Caribou Crossing

At four fifteen Dory opened his eyes to the semidarkness. Outside a car door slammed voices tires spinning on gravel sweep of headlights across the yard through the window momentary patch of white on walls and ceiling shadow of caribou antlers long and curving makes no sense at all. Shallow breathing chest rising and falling under eiderdown eyes close his mind returning inward away and back.
His desktop background is a black and white photograph of the DuChamp brothers sitting in a garden in 1914. Painter printmaker sculptor shit disturber. Marcel tips forward on his wicker chair. All three look directly at the camera. Raymond ever so slightly blurred pats a black and white dog four years before dying of typhoid fever in a military hospital at Cannes. Dory staring through the familiar image distant and drifting coffee cooling in a cup beside his hand looks up to see Margarita who they call MJ watching him across the top of her monitor. Earth to Dory she says smiling.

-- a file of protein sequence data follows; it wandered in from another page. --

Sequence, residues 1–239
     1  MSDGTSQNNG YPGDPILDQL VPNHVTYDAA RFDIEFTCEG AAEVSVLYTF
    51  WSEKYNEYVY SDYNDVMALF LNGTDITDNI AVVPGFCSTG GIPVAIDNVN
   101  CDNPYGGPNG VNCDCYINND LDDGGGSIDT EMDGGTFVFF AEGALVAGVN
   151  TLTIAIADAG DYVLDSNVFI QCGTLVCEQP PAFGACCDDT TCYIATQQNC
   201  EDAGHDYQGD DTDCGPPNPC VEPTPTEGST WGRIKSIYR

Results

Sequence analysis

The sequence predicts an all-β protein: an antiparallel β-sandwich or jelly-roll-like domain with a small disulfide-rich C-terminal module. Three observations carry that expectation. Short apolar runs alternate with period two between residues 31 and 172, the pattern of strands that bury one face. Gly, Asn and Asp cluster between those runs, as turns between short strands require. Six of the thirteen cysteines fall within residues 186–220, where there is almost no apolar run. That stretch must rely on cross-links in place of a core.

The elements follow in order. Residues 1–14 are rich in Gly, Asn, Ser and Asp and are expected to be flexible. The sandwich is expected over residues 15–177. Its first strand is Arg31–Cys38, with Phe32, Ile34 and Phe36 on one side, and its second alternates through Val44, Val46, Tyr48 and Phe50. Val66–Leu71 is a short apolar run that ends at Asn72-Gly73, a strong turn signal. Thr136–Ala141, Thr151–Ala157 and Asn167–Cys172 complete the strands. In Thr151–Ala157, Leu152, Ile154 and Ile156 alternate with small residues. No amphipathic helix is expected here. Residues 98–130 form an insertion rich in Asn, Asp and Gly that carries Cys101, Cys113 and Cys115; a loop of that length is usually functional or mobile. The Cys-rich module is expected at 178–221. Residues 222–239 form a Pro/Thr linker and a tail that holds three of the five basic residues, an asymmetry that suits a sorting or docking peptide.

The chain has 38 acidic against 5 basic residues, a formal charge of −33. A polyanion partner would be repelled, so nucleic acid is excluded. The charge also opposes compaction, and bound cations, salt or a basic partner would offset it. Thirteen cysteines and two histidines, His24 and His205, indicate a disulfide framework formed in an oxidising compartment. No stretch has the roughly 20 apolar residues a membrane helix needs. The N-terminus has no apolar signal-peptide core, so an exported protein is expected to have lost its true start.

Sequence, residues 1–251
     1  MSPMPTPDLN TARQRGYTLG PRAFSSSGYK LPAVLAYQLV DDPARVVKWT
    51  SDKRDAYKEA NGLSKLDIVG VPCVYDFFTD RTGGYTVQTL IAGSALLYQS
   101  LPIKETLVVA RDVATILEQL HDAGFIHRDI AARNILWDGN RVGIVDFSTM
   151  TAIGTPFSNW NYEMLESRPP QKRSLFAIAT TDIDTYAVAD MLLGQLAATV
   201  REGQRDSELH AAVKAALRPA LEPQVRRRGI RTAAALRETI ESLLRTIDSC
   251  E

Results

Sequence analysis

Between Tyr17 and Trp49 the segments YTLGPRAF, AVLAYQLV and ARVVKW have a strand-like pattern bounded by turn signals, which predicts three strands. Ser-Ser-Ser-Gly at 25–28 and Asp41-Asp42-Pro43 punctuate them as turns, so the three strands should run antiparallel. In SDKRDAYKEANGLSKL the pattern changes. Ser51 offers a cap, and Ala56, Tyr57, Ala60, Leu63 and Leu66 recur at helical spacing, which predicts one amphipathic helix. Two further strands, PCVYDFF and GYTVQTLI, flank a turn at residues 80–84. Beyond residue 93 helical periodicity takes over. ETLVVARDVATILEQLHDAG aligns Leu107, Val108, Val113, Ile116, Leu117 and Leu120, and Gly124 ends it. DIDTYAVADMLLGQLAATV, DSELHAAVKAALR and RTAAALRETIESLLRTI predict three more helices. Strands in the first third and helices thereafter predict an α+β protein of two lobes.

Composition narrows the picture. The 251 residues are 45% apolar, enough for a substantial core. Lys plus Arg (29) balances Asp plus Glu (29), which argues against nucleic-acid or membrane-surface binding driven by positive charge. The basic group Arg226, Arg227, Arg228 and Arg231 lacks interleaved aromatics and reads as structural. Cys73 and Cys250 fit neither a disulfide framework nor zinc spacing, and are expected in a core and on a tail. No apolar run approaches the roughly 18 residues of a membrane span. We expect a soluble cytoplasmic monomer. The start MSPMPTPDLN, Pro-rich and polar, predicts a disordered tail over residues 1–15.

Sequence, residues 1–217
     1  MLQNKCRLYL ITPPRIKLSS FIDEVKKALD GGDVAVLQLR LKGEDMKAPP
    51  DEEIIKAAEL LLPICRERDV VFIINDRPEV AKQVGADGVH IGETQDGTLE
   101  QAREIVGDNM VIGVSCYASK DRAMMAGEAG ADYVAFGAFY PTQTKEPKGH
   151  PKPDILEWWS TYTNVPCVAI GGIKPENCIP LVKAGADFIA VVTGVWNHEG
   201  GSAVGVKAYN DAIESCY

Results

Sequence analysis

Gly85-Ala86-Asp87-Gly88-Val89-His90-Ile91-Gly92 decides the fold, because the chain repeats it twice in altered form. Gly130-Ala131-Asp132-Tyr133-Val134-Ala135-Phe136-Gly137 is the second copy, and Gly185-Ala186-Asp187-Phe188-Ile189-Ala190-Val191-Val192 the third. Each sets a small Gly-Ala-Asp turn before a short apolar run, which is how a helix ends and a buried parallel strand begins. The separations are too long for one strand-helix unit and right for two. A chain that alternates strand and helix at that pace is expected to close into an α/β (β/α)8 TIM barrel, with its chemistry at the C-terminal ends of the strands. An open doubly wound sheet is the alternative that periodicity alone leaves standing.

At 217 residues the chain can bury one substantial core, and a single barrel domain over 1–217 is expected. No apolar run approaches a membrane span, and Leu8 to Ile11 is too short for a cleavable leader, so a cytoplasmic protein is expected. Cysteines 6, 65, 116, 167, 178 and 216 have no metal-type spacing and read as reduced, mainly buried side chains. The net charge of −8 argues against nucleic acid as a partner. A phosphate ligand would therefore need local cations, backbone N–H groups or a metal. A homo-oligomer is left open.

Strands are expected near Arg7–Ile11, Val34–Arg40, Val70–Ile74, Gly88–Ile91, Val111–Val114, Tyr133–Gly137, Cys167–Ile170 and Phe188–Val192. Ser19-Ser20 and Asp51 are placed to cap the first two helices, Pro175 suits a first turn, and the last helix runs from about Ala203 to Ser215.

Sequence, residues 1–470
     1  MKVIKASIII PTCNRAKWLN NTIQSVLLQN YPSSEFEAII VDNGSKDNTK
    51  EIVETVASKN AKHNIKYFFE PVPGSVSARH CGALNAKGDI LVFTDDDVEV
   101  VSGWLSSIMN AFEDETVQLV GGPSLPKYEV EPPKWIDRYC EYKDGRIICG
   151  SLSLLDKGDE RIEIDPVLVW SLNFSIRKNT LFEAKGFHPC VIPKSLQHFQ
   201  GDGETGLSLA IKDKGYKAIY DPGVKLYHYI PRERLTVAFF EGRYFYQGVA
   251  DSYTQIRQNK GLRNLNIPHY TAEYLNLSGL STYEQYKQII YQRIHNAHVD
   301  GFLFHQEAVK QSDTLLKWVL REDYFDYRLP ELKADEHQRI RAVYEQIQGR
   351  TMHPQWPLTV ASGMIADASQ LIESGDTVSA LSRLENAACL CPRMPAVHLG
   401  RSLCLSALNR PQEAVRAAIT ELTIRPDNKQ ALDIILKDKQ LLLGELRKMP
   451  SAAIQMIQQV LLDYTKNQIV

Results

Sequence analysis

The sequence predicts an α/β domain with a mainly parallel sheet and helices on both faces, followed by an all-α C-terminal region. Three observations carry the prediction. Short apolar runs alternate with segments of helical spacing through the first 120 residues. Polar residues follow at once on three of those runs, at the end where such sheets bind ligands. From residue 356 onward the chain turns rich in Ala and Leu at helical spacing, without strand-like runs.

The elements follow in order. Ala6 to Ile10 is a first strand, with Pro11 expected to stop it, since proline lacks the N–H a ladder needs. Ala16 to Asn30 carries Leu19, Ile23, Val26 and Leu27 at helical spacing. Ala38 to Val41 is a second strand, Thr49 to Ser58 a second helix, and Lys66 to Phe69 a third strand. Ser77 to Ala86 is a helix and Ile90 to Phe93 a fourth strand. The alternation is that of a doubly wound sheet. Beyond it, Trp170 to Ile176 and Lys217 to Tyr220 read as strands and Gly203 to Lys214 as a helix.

Their eyes meet and linger beyond the casual glance of friends and colleagues for years comfortable and secure tilting for an instant into something less familiar. He had never actually noticed her eyes before wheat coloured with flecks of hazel. Dory smiled briefly blinked scratched his head rolled his shoulders and stretched. You’re quite beautiful. She laughs replies yeah right and returns to the illustration she is trying to finish. Come here and tell me what you think of this.
Margarita has added a woodland caribou to the image she is creating for a magazine article about the things we remember.
Jesus he says slightly shaken. Where did the caribou come from?
I have no idea. It just crossed my mind. Kind of fits though.
He has a hand on the back of her chair she looks up over her shoulder.
It does but you will need a better answer when Marie asks.
Asks what? says the editor walking into the office around the desk for a look. The things we remember. What emerges remains becomes part of our story. What do we keep always close she says looking at Margarita’s illustration. A chrome kitchen table driftwood branch starfish dangling on a string in a chipped vase detailed knickknacks on a homemade shelf book spines suggesting titles small entwined flowers and leaf patterned wallpaper. Through a window of multiple panes the edge of a forest wooden slat fence boards banged into a ragtag fort no girls allowed almost distinguishable shapes in shadow and in the middle of it all
What’s with the caribou?
I can get rid of it says Margarita. Or maybe not.
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